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Top 5 spirits to have onhand in the kitchen???

Your thoughts?

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  1. I use liqueurs mostly for baking, so I keep Coitreau, Amaretto or Frangelico, Chambord, rum, and brandy or cognac. The last one goes into savory every now and then.

    1. my list:
      madeira
      chablis
      Grand Marnier
      Ale (for batters)
      gin & tonic for the cook

      1. dry vermouth for pasta dishes, cognac for gravies, red wine for red sauces, dos equis beer for chilis, and maker's mark whiskey in lieu of warm milk to help you sleep.

        1. red and wine wines
          vermouth
          brandy or cognac
          vodka
          Grand Marnier
          Marsala
          sherry

          oops - that was six! but it's what I keep!

          1. tequila
            wine (red, white and dry vermouth - counting that as one not three)
            Cointreau
            brandy
            lemoncello

            1. Just to have on hand for cooking, mind you!
              Dry Vermouth or dry white wine
              Sherry
              Dry Marsala
              Brandy
              Cognac

              2 Replies
                1. re: Scargod

                  I agree with Scargod - I have these too..

                  The rest of the 'spirits' are for the cook ;-)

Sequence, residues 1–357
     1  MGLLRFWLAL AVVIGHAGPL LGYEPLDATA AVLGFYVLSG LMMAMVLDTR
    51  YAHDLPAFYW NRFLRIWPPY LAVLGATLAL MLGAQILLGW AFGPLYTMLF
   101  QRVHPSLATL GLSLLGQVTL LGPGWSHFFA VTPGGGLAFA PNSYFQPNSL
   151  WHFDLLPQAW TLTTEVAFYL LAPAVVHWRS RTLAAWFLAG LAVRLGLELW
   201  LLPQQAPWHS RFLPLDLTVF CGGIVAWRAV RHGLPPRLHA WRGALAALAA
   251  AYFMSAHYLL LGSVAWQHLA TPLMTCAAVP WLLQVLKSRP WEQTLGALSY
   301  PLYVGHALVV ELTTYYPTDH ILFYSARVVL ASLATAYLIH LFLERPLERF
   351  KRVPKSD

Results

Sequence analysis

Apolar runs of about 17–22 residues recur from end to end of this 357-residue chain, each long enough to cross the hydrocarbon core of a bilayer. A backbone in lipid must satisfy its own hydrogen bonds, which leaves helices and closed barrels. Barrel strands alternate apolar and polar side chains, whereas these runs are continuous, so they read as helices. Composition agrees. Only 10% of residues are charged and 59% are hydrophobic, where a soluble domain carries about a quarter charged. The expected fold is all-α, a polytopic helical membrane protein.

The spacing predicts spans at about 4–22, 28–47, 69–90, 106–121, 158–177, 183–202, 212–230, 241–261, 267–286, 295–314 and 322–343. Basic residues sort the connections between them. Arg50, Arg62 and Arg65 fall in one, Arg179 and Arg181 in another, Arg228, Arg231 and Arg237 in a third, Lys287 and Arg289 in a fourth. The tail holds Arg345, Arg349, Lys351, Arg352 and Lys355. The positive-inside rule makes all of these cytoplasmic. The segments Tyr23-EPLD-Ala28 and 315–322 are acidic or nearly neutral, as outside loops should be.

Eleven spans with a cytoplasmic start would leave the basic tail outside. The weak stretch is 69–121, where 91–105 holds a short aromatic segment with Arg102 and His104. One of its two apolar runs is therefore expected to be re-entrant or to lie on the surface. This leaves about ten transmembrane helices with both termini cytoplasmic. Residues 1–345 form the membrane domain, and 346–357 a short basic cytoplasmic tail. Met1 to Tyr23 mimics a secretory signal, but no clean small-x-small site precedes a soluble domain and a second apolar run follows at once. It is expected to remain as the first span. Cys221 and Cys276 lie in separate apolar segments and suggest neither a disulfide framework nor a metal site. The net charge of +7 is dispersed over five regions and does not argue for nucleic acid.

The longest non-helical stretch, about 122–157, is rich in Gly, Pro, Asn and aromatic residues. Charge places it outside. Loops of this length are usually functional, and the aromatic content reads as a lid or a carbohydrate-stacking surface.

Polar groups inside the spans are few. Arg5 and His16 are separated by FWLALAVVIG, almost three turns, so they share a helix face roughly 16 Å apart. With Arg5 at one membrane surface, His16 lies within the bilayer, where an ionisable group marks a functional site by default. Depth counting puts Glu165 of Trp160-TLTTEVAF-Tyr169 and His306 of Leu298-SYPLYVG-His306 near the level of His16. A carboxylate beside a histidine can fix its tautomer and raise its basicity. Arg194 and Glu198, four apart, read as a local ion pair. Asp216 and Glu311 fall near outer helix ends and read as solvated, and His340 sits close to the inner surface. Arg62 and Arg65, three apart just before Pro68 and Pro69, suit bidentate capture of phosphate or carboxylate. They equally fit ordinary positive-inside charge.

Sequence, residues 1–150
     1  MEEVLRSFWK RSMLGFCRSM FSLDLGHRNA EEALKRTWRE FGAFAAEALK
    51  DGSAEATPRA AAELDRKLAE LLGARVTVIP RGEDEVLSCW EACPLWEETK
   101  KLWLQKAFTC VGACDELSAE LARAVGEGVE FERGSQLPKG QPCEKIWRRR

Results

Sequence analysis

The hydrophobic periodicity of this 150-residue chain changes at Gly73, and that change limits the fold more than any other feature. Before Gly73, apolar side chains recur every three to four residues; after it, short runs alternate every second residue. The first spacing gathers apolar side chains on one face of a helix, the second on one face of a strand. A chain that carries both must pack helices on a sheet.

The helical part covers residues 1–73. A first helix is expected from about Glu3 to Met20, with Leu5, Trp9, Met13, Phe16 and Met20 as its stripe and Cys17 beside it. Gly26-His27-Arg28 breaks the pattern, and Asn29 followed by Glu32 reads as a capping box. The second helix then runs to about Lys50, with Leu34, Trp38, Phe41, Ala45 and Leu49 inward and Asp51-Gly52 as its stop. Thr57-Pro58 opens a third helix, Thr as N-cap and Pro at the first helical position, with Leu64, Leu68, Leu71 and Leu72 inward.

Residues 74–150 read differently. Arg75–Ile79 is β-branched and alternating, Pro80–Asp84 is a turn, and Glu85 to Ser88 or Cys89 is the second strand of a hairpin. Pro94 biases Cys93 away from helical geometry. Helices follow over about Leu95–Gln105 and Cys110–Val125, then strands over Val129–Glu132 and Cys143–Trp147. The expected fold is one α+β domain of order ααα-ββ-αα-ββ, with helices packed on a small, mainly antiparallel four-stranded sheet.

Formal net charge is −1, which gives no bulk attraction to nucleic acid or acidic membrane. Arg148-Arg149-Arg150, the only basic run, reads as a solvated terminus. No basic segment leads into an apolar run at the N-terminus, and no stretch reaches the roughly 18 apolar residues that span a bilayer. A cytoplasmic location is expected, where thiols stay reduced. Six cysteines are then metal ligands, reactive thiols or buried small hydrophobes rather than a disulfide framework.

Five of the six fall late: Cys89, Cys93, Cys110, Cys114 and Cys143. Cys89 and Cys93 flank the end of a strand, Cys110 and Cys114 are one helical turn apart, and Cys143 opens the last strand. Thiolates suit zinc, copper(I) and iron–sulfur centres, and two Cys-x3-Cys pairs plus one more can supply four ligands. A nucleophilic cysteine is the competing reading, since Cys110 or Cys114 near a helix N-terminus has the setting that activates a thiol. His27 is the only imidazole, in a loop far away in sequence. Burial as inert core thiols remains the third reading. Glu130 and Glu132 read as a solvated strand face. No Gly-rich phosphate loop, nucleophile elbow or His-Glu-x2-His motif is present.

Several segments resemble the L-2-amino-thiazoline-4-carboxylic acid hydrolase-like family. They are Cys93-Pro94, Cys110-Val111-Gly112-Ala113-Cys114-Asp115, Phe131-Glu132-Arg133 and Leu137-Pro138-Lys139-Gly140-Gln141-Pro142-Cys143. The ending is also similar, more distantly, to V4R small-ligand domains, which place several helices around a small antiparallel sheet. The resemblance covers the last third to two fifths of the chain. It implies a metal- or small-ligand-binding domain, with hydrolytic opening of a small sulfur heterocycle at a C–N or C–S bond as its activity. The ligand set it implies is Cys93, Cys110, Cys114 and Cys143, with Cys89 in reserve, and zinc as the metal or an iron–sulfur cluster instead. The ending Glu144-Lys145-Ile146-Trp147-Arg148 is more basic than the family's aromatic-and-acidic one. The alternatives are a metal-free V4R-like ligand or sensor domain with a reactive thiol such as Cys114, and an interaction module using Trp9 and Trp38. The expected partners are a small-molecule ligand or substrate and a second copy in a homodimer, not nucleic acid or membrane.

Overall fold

2. My mother
                  my father
                  Julia Child
                  my grandma
                  James Beard

                  8 Replies
                  1. re: pesto

                    I love it! Me too!
                    How many recipes can I make from beer???

                    1. re: Passadumkeg

                      keg, I'm guessing you have a partial bottle of Akvavit in the freezer for those nostalgic moments...

                      1. re: Veggo

                        I wish! The only high proof we have on hand right now is gin for summer G&T's. Not good to keep a lot of booze in the house w/ teens around.

                        1. re: Passadumkeg

                          Too true..I find all alcohol evaporates at a rapid rate when my son and friends are around...but they are now entering thier twenties

                    2. re: pesto

                      pesto, yours was my favorite response. To the list, I'll add Harvey's Bristol Cream, which brings Uncle Al back to the kitchen (Steak Umbriago).

                      1. re: pesto

                        LOL ooooooOOOOOooooooo!
                        I should add yohoho and a bottle of RUM--for desserts.

                      2. - whatever white/red wine goes with the food I'm cooking (although I tend to under-utilize wine in my cooking)
                        - Good cognac (for stuff like Steak Diane)
                        - Pernod (indispensable in some of my cream sauces for use with pasta and/or seafood)
                        - Mandarine Napoleon
                        - Campari (for *my* glass)

                        I don't usually keep madeira, vermouth, etc. hanging around a long time; I buy a small one for nearly each use.